Our spines are remarkable—they’re made up of incredibly intricate systems of bones, ligaments, tendons, and muscles that all work together to enable us to move in all directions.
But there’s a downside to all of this movement. Over time, it can cause wear-and-tear related damage that may lead to pain and stiffness. Understanding how movement impacts your spine can help you better communicate with your physician. Hopefully, the better the communication, the faster you will find a treatment that works for you.
1. Large spinal muscles are easily strained with twisting motions
The most common reason motion causes back or neck pain has little to do with the bones in your spine. Instead, it’s related to the muscles and ligaments that surround your spine. When you twist your lower back, such as during a golf swing or while bending to unload grocery bags, you run the risk of overstretching or tearing any of the large muscles or supporting ligaments around your spine. In response to this damage, the surrounding area will usually become inflamed. This inflammation can lead to a back spasm, and it’s the back spasm that can cause severe lower back pain.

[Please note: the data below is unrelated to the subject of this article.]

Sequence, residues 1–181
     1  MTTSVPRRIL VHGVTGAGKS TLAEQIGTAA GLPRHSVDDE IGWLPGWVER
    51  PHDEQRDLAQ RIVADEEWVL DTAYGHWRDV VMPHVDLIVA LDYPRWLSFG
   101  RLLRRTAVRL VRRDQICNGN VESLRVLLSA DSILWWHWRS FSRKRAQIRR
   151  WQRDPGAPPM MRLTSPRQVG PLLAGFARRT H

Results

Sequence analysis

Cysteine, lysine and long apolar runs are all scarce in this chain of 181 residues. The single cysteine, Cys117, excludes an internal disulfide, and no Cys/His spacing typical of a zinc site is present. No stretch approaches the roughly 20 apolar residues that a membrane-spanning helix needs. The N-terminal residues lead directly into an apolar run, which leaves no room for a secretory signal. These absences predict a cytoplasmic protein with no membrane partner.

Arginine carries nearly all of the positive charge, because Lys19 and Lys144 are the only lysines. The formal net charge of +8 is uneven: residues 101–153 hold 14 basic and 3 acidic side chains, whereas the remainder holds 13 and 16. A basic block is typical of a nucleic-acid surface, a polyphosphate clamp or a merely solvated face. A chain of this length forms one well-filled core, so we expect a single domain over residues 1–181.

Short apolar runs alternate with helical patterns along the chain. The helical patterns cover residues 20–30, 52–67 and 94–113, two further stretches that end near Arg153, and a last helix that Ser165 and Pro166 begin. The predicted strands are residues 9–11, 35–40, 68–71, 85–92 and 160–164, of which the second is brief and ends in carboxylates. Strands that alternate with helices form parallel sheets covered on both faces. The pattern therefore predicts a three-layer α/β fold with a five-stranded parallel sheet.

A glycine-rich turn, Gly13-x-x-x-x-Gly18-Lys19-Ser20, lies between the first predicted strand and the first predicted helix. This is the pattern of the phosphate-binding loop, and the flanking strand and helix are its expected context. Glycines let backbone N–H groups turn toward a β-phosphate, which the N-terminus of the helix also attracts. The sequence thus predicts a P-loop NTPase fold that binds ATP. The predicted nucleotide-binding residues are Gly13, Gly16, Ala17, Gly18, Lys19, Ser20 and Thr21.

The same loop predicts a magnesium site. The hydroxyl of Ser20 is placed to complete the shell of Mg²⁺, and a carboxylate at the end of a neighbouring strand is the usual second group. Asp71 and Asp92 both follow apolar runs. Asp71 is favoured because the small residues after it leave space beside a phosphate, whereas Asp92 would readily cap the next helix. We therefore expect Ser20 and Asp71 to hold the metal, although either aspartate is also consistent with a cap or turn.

2. Lumbar spine motion can cause a disc herniation
Your lumbar spine (lower back) is constantly in motion, and it also carries the entire weight of your torso. This makes your lumbar spine particularly prone to injuries. The motion in your lumbar spine is divided between five vertebral motion segments. Each one of these segments is made up of two cartilage-covered facet joints and a spinal disc. Your two lowest discs (the L4-L5 and L5-S1) endure the most strain, and therefore are the most likely to become herniated. A herniation can lead to sciatic pain that radiates down your leg and to your foot.
3. Motion can lead to cartilage breakdown
Repetitive motions, especially for athletes, can lead to spinal osteoarthritis—or the mechanical breakdown of the cartilage between your aligning facet joints in the back portion of the spine. When this happens, the facet joints become inflamed, and progressive joint degeneration creates more frictional pain. As your back pain progresses, the motion and flexibility of the spine decreases.
This article was originally posted on Spine-health.com.